Teaching math effectively involves providing intervention in small groups. However, it can be challenging to keep the rest of the class engaged and productive while we work with a small group.

There’s a variety of things the rest of the kids can do while the teacher does small-group math instruction.

## Math Games

Learning and practicing math with games is a great way to make it educational and enjoyable at the same time.

**Bingo games** are easy to prep and all you need are some type of game marker like counters.

They can be played with a partner or in a math group. Choose **games that have answer keys** so they can be student-led and the kids can play without teacher assistance.

Each quarter, plan out the skills you want kids to practice through math games. Then print and prep the materials and have them ready.

You’ll be able to easily pull out a game that reinforces the math skill you’re teaching when you’re planning your lessons for the week.

## Math Flashcards

Flashcards are a great resource for students to practice essential math facts, formulas, or vocabulary.

While you’re working with a small group, encourage the other kids to review these flashcards independently or with a partner.

You can use timers so the kids can time themselves as they practice, to help with fluency. If you don’t have timers and have devices, **online timers like this one** work great.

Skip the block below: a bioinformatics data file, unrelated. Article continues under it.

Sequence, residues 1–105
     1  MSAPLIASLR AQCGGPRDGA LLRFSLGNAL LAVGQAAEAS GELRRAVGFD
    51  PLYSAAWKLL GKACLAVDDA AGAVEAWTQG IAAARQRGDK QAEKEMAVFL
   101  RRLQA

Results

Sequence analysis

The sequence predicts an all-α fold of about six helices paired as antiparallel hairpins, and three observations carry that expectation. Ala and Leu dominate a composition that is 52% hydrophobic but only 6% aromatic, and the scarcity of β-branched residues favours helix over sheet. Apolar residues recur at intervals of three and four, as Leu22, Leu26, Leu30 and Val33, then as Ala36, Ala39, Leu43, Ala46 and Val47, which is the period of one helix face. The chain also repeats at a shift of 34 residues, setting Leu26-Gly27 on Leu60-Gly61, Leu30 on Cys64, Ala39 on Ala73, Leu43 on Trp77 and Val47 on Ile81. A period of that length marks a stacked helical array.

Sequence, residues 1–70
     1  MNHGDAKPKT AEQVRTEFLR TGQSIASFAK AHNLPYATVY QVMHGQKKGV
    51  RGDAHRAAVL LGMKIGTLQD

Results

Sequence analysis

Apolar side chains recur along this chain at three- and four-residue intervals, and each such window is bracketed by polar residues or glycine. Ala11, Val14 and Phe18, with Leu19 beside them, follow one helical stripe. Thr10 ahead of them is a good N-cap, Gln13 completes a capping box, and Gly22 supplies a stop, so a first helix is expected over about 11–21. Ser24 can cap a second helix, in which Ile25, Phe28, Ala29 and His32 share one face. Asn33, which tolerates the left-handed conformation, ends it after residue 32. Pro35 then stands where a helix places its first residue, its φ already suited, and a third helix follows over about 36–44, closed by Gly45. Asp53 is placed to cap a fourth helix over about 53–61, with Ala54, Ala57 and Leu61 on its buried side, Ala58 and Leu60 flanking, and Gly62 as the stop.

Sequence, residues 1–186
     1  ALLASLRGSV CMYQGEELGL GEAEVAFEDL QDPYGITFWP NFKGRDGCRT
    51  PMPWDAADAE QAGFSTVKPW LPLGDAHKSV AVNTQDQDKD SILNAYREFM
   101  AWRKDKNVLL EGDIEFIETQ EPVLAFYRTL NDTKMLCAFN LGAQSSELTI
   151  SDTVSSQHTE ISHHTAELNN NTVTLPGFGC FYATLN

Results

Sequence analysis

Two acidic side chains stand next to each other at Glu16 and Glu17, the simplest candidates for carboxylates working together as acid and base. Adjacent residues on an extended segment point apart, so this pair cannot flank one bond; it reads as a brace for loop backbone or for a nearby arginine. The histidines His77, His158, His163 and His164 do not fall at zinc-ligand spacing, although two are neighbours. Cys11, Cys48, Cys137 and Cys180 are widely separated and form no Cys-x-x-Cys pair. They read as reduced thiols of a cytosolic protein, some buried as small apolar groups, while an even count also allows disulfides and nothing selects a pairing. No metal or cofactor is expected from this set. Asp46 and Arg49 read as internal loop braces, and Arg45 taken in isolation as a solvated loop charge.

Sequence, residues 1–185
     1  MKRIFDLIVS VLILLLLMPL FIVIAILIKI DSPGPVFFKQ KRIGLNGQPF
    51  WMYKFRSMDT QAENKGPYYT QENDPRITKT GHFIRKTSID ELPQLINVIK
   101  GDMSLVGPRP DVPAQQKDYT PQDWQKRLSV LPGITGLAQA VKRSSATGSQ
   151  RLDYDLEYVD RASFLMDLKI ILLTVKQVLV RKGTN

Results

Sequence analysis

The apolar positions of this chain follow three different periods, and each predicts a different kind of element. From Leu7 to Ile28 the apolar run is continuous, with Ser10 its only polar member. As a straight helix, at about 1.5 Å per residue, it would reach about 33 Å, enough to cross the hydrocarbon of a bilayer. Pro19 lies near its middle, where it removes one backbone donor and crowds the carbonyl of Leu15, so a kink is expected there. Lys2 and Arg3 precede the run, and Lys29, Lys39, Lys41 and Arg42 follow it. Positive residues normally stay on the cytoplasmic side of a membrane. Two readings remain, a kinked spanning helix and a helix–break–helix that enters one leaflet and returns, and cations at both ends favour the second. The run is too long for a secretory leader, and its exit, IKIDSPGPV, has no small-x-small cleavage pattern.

## Online Math Resources

Online math resources provide students with the opportunity to interact with math concepts in a digital way.

You can use your district-mandated online math program which will allow them to work on their math level so that little guidance is needed while you work with other students.

If you don’t have an online math program, kids can use something like IXL to practice math facts or **teacher-created activities**.

## Math Mini Project

Applying math to real life in a mini-project allows students to apply their math skills in real-world scenarios.

This fosters critical thinking and problem-solving abilities.

Prepare a list of mini-projects related to the current math unit and provide guidelines for students to complete.

Some examples of mini-projects could include designing a budget for a fictional event, creating a survey, graph and analyzing the data, or even building a scale model using geometric shapes.

These projects encourage kids to explore math beyond the classroom, giving them a deeper understanding of its relevance and practical application.

## Math Worksheets or Workbook

If you have a math workbook that students are required to use, have them complete the pages that correspond to the math skills you’re currently working on.

Although they shouldn’t be the only tool used when teaching math, **math worksheets** and workbooks allow kids to work independently so you can reinforce the skills you’ve taught.

Having students complete a worksheet or workbook page also allows the teacher to assess how they did while working independently. You can use the data to form small groups the following day.

Having a variety of activities for kids to do during math small group time allows you to easily switch up what kids are doing. You can do all of these activities every day or rotate them in a way that works best for you.

## Check out all the resources highlighted in this post:

**3rd and 4th Grade Math Bingo Games**

**Math in a Snapshot: 3rd Grade Math Worksheets**

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